In Defense of the Outlandish

A frequent topic of conversation on SFSN involves the merits (or lack thereof) of new sci-fi series or movies.  In the broader universe of sci-fidom, some believe that that good science fiction must be based on only reasonable extrapolations of current scientific knowledge.  Others, myself
included, believe that many of the best sci fi stories are those that start off with one seemingly outlandish premise, then surround it with reasonable science or science extrapolations (a concept that I believe was expressed by Asimov, although I’ve not been able to track down a quote). From an entertainment perspective, either benchmark can be a reasonable criterion for rating science fiction. However, I submit that the stories that fall into the second category are more interesting because of their potential to “create” a future.

Many science fiction writers will say that they aren’t trying to predict the future (as Ben Bova recently opined “…most of us don’t believe there is a “the future” to predict. The future isn’t inevitable, immutable. It’s created, moment by moment, by the things we do. Or fail to do.”).    What more reasonable speculative fiction can do is shape the future.  While there are few explicit acknowledgments of science fiction leading to specific research or technological advances (Martin Cooper crediting the Star Trek communicator as his inspiration for the cell phone is one), one wonders how many advances were the result of inspiration derived from reading science fiction.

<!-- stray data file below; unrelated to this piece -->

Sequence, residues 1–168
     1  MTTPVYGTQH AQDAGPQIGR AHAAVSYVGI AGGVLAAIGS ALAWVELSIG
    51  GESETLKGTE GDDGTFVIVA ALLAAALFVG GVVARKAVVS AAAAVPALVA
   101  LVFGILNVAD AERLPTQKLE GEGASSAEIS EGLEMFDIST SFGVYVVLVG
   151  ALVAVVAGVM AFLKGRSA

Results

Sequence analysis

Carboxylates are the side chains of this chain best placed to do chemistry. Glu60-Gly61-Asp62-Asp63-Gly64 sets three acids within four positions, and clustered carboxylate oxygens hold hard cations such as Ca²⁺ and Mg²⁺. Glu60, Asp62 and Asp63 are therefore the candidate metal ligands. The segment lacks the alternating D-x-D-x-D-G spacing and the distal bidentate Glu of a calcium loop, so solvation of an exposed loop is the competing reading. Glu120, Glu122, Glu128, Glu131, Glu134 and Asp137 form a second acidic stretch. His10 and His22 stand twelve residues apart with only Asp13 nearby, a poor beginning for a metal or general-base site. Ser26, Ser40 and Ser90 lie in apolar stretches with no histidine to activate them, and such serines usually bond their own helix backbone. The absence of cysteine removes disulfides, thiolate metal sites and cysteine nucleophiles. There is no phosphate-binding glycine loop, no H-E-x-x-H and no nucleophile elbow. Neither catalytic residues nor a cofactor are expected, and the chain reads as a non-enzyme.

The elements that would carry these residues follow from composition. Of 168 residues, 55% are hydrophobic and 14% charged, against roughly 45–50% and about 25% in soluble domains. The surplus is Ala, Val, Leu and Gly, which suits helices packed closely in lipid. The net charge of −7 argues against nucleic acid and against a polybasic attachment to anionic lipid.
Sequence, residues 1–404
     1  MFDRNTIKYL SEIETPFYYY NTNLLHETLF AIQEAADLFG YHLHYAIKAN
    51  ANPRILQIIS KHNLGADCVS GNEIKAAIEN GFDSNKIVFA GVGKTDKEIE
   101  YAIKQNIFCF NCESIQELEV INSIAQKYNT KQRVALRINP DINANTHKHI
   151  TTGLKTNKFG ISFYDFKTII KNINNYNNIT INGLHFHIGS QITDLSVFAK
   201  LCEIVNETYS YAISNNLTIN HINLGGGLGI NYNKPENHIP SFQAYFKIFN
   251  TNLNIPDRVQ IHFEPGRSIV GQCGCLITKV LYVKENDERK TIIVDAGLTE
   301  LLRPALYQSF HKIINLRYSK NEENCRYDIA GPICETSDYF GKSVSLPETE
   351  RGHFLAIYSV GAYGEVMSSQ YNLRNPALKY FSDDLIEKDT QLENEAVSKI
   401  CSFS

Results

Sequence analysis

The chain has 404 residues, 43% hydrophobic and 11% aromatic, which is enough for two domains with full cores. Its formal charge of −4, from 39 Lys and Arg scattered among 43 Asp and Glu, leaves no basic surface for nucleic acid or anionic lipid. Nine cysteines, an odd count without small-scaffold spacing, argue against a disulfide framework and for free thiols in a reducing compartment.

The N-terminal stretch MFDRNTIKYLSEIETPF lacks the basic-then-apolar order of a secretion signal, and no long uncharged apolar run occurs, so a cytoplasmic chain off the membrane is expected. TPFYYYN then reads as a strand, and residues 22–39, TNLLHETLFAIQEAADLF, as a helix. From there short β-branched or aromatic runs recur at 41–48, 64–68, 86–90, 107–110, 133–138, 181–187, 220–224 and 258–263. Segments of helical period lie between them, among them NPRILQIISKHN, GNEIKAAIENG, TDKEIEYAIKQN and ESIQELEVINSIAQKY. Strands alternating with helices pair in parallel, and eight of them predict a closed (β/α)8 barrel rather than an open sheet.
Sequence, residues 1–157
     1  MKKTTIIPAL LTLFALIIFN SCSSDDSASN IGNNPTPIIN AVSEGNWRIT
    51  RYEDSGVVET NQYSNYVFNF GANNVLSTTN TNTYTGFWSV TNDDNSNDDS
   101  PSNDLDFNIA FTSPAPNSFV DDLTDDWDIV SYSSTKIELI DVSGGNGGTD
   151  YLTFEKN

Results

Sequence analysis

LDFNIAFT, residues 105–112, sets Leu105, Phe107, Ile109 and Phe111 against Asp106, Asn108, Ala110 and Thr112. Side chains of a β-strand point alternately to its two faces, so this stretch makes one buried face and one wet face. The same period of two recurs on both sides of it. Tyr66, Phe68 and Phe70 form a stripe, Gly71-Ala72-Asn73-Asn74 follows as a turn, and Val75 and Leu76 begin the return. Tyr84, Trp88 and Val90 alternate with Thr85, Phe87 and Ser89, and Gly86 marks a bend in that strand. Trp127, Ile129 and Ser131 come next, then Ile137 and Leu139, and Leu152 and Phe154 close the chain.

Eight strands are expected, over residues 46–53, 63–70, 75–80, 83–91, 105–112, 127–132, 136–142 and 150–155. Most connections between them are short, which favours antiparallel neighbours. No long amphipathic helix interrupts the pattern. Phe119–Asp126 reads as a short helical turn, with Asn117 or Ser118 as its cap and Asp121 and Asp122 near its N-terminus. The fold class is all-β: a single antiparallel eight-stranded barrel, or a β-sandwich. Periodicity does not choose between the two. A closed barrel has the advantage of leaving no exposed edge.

So many of the things we take for granted today were considered outlandish propositions by many when they first appeared in science fiction: beam weapons (lasers and particle beams) in E.E. Doc Smith’s Lensman series, the atomic bombs of H.G.Wells (The World Set Free), Asimov’s proto-wireless internet in The Last Question, and Heinlein’s six dimension parallel universe space (most notably in The Number of the Beast), to name a few that immediately come to mind.  All have their counterparts in either technology or scientific theory today.  Were these stories merely prescient, or more in line with Bova’s perspective, catalysts for the Butterfly effect?  Would our recent scientific and technological history be different if these authors (and others like them) had chosen different pursuits or had put forth different ideas?  As a scientist and a life-long reader of science fiction, I know that much of my “out of the box” thinking has been shaped by the alternate paths I was introduced to in my reading.

The point of all this rambling?  Just that I believe that science fiction that coherently breaks the bounds of conventional thinking  can be good science fiction–and good entertainment.   But that still doesn’t excuse “things” (for lack of a better term) like Mega Python vs. Gatoroid!

4 Responses to “In Defense of the Outlandish”

  1. SamanthaB

    Great first post! I think there is room for all kinds of sci fi, even megapython has his place! He would have a better place if the people could ever act in those movies though.

    • RDaneelOlivaw

      Thanks for the comment Sam. I think there are several here at SFSN who would agree that even creatures like megapython are better than their surrounding human cast. :-) I think I’m just drawn to sci-fi that stretches my mind rather than simply entertaining, and that’s probably because of my scientific background.

  2. trajeff

    I enjoyed your thoughts on this subject-in fact, I`d argue that good SF writing is so important because it encourages “out of the box thinking” for people in any field, scientific or creative.

    • RDaneelOlivaw

      Thanks for your kind comments. I completely agree with you! I think, from the larger perspective, a society that loses its sense of wonder, its sense of curiosity, is doomed to stagnate. That’s why I’ve never really bought into Utopian fiction, because it seems to me that a “perfect” world would quickly become dull and lead to a general attitude of “why bother?”

      Thanks for visiting us here at SFSN!

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